Reprise (film)

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Theatrical release poster
Directed byJoachim Trier
Written by
Produced byKarin Julsrud
CinematographyJakob Ihre
Edited byOlivier Bugge Coutté
Music by
  • 412
  • Filmlance International AB
  • Nordisk Film Post Production
  • Norsk Filmstudio
Distributed byNordisk Film Distribusjon[1]
Release dates
  • 3 July 2006 (2006-07-03) (KVIFF)
  • 8 September 2006 (2006-09-08) (Norway)
Running time
105 minutes
Box office$1.3 million[2]

Reprise is a 2006 Norwegian comedy-drama film directed by Joachim Trier and co-written, over the course of five years, by Trier and Eskil Vogt. It is Trier's first feature-length film and the first, along with Oslo, August 31st (2011) and The Worst Person in the World (2021), in the director's Oslo trilogy.[3]

The film follows a friend group of Oslovians as they navigate their early 20s, focusing particularly on Erik (Espen Klouman Høiner) and Phillip (Anders Danielsen Lie), who both harbour ambitions of being writers but whose lives take different paths.

It was the Norwegian submission for the Academy Award for Best Foreign Language Film in 2006.


Best friends Erik and Phillip, both 23, have written books and fantasize that their novels will become cult hits. However when they both submit manuscripts Erik's is rejected. Phillip's, on the other hand, is immediately accepted and a year later he becomes a star of the Norwegian literary scene.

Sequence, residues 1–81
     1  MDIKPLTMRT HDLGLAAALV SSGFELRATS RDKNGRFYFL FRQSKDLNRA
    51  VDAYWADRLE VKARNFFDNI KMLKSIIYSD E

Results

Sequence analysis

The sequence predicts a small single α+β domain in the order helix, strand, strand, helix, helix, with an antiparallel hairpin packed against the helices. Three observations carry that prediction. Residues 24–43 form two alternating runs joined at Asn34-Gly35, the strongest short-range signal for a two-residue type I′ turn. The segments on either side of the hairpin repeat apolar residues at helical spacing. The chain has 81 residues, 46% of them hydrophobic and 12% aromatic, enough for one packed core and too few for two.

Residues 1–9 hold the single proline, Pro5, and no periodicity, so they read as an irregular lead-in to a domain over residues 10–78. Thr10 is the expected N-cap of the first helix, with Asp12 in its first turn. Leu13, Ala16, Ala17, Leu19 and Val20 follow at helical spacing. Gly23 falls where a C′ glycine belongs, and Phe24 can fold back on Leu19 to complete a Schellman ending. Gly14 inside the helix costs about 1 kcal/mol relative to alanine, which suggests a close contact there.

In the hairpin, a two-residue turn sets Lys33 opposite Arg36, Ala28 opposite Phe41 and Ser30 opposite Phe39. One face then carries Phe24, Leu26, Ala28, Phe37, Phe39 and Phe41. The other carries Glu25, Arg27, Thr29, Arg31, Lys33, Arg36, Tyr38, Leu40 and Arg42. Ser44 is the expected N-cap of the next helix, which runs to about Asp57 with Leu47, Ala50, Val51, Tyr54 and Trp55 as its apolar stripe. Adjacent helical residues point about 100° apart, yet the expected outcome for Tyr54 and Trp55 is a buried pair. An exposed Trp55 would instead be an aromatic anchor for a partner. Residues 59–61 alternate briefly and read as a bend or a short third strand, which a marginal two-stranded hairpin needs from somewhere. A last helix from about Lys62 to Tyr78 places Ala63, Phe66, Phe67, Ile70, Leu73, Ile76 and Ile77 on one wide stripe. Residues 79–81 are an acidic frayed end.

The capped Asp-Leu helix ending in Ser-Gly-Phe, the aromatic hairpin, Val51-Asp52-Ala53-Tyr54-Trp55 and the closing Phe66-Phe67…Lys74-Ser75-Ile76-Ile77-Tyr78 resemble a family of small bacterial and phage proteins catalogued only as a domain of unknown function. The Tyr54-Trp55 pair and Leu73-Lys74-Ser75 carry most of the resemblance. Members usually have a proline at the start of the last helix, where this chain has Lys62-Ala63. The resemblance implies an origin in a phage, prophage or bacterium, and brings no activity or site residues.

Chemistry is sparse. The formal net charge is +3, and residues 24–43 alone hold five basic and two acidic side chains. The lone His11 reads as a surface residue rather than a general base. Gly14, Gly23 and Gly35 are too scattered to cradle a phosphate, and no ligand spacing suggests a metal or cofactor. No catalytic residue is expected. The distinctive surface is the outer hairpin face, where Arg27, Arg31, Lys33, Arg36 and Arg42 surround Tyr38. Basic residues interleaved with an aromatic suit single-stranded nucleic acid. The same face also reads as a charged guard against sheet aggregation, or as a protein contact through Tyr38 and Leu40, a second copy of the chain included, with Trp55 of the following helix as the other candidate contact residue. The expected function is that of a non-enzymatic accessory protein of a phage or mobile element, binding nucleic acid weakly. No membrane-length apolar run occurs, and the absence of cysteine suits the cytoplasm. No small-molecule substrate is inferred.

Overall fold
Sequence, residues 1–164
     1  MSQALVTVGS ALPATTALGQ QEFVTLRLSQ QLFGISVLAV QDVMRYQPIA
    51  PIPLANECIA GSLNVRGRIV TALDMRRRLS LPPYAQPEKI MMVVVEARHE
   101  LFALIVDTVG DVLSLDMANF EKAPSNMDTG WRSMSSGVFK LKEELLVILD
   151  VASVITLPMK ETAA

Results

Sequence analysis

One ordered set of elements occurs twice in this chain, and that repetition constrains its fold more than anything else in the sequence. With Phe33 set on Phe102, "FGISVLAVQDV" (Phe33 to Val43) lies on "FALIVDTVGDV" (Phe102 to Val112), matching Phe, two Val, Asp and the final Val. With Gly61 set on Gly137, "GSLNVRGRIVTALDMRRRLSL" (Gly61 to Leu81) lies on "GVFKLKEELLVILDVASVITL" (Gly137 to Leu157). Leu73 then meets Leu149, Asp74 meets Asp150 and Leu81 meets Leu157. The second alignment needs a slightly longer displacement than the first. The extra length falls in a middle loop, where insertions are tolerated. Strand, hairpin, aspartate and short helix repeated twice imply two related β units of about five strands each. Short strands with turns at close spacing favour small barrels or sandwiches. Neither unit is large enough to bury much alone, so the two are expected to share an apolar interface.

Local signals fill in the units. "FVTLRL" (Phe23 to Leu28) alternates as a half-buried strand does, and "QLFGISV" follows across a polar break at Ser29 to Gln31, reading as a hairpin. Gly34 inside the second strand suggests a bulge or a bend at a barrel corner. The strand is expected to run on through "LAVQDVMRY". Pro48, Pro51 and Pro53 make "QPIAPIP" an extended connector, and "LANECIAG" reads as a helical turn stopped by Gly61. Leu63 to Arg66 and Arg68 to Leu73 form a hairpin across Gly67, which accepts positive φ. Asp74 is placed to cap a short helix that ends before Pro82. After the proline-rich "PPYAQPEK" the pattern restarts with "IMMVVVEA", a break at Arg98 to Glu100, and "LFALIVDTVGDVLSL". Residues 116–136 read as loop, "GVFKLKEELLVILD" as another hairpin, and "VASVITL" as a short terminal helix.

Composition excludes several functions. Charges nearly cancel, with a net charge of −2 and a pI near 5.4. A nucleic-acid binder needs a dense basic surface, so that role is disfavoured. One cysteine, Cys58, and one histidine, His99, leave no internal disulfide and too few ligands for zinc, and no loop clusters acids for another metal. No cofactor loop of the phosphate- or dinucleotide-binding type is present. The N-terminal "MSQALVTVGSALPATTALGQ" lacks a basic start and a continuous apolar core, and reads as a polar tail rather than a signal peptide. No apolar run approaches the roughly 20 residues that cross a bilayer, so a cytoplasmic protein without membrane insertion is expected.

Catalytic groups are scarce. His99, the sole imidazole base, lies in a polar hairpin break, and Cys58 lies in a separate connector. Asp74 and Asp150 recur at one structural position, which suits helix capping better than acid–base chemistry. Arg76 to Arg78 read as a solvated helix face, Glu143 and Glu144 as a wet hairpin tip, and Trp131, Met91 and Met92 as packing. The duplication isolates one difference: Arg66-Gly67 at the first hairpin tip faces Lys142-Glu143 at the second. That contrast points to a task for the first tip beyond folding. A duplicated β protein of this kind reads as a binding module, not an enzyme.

Six months later, Erik and his friends pick up Phillip at a psychiatric hospital to bring him home after treatment following a suicide attempt. It is revealed that Phillip is suffering from psychosis which doctors believe was triggered by his whirlwind romance with Kari, a girl he met and fell in love with at an underground punk show. Still unpublished, Erik hasn't given up his dream, and continues to submit while Phillip shies away from all mention of writing. Instead Phillip tries to reunite with Kari, who on the advice of his psychiatrists hasn't seen Phillip in seven months.